1. This is an application for the revision of an order of the Sessions Judge of Bareilly, passed in the following circumstances. Four persons were charged before a First Class Magistrate with of fences under Section 326, I.P.C. Two of them were convicted under that section and sentenced to terms of imprisonment and the other two were acquitted because the Magistrate considered that the evidence against them fell short of absolute proof. The complainant in the case applied to the Sessions Judge for revision of the order of acquittal, and the two persons who had been convicted also appealed against their convictions and sentences, and in the order with which I am now concerned the Sessions Judge allowed the revision and ordered that the two present applicants Sukh Lal and Bhola should be committed to Sessions on a charge under Section 308, I.P.C. The Sessions Judge remarked:
All the four accused persona are alleged to have assaulted Mindhai at one and the same time and three of them were armed with spears. Although it may not be possible to infer that they intended to kill Mindhai, the nature of the injuries and the manner of the assault do indeed show that they intended to cause such bodily injuries on him as were likely to cause death and in the circumstances the proper charge to frame against them was one under Section 308, I.P.C.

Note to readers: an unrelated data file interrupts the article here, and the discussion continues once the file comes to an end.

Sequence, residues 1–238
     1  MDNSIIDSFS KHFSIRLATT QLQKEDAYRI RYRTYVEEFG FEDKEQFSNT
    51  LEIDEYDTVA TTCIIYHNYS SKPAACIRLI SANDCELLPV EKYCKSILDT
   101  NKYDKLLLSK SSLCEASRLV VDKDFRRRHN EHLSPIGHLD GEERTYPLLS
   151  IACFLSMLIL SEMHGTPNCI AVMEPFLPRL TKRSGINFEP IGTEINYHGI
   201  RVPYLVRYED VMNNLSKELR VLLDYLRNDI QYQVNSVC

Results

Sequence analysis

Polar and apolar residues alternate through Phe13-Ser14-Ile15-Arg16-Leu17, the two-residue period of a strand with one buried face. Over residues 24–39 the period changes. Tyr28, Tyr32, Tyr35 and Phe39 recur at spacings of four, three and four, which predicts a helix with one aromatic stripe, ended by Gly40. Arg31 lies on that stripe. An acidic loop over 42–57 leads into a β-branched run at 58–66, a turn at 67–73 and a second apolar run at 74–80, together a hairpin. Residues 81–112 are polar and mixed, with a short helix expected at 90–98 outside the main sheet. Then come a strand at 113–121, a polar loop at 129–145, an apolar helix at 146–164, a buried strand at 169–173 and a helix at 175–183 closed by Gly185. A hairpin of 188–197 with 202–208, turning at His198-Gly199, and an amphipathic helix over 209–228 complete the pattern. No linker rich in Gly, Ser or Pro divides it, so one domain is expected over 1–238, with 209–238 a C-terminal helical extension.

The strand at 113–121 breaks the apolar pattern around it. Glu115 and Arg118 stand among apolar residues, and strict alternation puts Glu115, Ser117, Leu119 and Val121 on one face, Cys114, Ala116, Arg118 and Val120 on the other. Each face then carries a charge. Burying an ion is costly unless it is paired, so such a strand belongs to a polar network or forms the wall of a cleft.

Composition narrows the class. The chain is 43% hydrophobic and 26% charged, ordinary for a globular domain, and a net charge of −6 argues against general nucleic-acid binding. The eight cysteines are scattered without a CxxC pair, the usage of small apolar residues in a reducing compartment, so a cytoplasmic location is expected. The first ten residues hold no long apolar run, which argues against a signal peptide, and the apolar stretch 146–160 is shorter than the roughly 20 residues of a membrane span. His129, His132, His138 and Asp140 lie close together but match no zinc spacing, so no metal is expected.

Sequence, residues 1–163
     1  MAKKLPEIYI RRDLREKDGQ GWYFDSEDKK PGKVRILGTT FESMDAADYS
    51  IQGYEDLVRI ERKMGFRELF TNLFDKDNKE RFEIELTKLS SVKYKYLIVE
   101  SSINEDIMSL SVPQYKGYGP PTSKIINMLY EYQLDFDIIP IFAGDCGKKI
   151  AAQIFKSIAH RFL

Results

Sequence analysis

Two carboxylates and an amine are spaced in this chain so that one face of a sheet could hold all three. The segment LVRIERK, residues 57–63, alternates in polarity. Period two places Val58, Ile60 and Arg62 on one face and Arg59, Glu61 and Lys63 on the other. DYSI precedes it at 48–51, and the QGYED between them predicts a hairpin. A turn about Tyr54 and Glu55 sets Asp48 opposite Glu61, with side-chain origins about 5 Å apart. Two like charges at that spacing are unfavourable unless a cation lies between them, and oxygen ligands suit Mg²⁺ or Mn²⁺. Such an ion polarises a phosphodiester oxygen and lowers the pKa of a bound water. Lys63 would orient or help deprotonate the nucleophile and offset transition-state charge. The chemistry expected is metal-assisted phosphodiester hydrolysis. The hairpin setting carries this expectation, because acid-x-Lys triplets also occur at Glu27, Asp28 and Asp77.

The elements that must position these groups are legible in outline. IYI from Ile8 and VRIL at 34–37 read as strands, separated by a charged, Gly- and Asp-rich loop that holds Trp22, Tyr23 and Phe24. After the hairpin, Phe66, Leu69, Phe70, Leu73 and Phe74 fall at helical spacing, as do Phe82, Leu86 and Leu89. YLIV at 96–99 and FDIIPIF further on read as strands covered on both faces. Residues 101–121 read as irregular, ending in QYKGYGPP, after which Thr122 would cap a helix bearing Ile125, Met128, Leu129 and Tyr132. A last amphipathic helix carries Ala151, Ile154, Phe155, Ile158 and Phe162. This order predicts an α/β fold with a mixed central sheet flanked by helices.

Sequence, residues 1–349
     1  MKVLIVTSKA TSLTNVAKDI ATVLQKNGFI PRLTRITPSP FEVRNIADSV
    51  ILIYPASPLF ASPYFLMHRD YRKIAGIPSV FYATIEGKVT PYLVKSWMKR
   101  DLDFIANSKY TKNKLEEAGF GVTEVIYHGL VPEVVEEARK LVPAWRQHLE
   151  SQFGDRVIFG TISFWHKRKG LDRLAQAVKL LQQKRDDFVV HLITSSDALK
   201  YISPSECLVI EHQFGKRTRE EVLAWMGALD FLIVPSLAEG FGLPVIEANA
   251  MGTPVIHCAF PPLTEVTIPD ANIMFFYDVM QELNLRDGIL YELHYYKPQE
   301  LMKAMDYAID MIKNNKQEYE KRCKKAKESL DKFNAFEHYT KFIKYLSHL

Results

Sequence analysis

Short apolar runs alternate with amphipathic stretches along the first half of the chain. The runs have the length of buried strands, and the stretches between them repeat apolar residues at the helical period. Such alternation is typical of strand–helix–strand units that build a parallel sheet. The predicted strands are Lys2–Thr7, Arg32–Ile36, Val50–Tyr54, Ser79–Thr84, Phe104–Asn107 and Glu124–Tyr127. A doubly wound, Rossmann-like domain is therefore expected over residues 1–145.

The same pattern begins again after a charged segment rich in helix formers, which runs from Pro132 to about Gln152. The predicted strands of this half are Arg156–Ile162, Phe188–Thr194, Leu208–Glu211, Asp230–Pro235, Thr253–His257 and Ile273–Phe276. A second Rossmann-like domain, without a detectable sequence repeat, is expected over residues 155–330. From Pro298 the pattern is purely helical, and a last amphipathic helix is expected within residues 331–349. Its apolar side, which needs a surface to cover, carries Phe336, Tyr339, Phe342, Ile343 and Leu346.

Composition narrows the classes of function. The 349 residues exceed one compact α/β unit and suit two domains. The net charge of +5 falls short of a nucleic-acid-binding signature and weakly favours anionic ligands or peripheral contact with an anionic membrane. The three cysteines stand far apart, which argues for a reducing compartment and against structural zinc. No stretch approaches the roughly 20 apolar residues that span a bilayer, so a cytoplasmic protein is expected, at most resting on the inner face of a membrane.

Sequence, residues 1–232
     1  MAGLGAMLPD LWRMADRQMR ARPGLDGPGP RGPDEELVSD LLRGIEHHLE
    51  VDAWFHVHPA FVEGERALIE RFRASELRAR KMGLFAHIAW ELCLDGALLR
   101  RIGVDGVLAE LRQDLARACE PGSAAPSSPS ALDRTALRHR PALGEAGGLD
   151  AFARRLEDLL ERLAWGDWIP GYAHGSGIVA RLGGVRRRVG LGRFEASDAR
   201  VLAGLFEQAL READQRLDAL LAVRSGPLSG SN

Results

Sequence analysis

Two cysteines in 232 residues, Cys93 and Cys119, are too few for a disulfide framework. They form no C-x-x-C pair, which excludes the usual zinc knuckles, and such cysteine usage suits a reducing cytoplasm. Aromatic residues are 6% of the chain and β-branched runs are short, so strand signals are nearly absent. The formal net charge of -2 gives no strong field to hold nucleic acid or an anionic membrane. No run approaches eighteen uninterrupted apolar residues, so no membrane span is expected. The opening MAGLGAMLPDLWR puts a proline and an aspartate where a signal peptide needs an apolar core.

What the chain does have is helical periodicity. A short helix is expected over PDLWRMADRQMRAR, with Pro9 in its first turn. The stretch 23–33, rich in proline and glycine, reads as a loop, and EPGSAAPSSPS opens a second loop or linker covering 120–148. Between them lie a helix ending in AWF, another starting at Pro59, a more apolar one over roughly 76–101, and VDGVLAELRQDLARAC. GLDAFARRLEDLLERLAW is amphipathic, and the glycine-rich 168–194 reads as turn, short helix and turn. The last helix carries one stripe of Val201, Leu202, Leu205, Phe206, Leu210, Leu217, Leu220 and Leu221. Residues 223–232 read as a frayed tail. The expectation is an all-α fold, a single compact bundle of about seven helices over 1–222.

2. He has discussed the evidence to a certain extent and he has also remarked that two of the accused persons (i.e., the present applicants) have been acquitted without sufficient reasons. But the main sense of his order is that the Magistrate should not have disposed of the case himself but should have committed it to Sessions. It has been argued by Mr. Aziz that the order of the Sessions Judge is an illegal one. Under Clause (4), Section 403, Criminal P.C.
A person acquitted or convicted of any offence constituted by any acts may, notwithstanding such acquittal or conviction, be subsequently charged with, and tried for, any other offence constituted by the same acts which he may have committed if the Court by which he was first tried was not competent to try the offence with which he is subsequently charged,
and it is freely admitted by Mr. Aziz that the mere fact that the two applicants have been acquitted of offences under Sections 323 and 326, I.P.C., will not save them from being tried on the same evidence for an offence under Section 307, I.P.C., i.e., an offence of attempted murder, which the Magistrate who has acquitted them was not competent to try. The argument is, however, that the Sessions Judge is not empowered by either Section 436 or Section 437 or any other section of the Criminal Procedure Code to set aside an order of acquittal, or to order the commitment of the applicants for trial for an offence in respect of which no order of discharge has been pronounced. I need not now consider the question of Section 436 because the order of the Sessions Judge purports to' have been passed under Section 437, Criminal P.C., and under that section the Sessions Judge
on examining the record of any case under Section 435 or otherwise, may, if he considers that such case is triable exclusively by the Court of Session and that an accused person has been improperly discharged by the inferior Court order him to be committed for trial upon the matter of which he has been improperly discharged.